- Audio CD
- Publisher: BBC Physical Audio (7 May 1996)
- Language: English
- ISBN-10: 0563388846
- ISBN-13: 978-0563388845
- Product Dimensions: 13.3 x 1.1 x 15.1 cm
- Average Customer Review: 4.5 out of 5 stars See all reviews (2 customer reviews)
- Amazon Bestsellers Rank: 872,908 in Books (See Top 100 in Books)
The Goon Show: Volume 5: And There's More Where That Came From: And There's More Where That Came From! (Previously Volume 5) (BBC Radio Collection) Audio CD – Audiobook, 7 May 1996
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Four more anarchic episodes of classic Goonery from the team that redefined comedy - Peter Sellers, Spike Milligan and Harry Secombe.
About the Author
Spike Milligan was perhaps best known as one of the Goons. He went on to become one of Britain's foremost comic writers and performers. His bestselling titles include Adolf Hitler: My Part in His Downfall, Puckoon and Where have all the Bullets Gone? He died in 2002.
Born in Oldham in 1923 Eric Sykes was first introduced to showbusiness whilst in the RAF and went on to write for hit BBC radio shows and appear in TV variety shows whilst writing for comedy greats such as Peter Sellers and Frankie Howerd. Although he is over eighty, Sykes continues to work, having recently starred in Harry Potter and the Goblet of Fire.
Larry Stephens was a scriptwriter who wrote for several popular comedy shows in the 1950s, including The Tony Hancock Show and The Army Game. He is probably best known as co-writer of many Goon Show episodes, along with Spike Milligan. He died in 1959.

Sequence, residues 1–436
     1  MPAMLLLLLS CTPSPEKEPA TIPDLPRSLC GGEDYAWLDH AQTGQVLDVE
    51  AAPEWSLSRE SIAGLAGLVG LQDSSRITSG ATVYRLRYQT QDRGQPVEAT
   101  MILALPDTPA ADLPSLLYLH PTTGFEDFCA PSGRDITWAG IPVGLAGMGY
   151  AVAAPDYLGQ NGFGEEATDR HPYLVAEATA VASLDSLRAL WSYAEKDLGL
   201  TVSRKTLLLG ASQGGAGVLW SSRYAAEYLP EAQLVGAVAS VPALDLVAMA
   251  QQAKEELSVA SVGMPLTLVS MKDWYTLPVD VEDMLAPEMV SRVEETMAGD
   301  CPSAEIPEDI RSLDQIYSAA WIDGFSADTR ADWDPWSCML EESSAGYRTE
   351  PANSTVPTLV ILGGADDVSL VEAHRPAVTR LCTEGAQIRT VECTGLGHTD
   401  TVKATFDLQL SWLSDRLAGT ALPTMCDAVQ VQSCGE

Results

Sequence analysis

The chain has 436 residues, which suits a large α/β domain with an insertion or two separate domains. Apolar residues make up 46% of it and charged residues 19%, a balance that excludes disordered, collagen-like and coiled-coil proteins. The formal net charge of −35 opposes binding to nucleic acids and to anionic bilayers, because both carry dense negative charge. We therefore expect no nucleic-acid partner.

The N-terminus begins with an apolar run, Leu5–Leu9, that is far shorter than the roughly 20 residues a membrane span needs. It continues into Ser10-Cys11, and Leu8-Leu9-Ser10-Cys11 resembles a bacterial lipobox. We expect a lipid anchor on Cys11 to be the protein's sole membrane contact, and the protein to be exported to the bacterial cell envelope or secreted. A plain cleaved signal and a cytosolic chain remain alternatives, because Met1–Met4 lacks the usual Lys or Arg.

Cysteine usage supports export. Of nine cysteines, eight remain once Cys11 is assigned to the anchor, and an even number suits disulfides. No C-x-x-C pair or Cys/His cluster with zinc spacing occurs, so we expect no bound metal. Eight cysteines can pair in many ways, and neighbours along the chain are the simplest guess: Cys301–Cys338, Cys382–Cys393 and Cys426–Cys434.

Top Customer Reviews
Disc 1 contains two late period classics from the pen of Milligoon, The Call of The West has possibly the best use of sound effects from any episode, whilst The Last Smoking Seagoon is notable for being the very last episode from the original broadcasts. Both may be a little obscure for newcomers, but the characters are all fully developed by this point and carry the ridiculous plot devices and tangents with aplomb. Disc 2 maybe isn't quite as strong, but still great. 1985 comes from series five and is of course a parody of George Orwell's 1984, whilst Shifting Sands is superb throughout, featuring a guest appearance from ITMA's Jack Train as Colonel Chinstrap - ITMA was a forerunner of the Goons, and it's delightful how Chinstrap fits into Goon mythology with no sense of strain (STRAIN!!)
All in all, it's "very good, you know, very good indeed..."
My only problem is there is no clear 'chapter' segmentation of the episodes. I had to search back and forward to find the specific episode. Such a pity.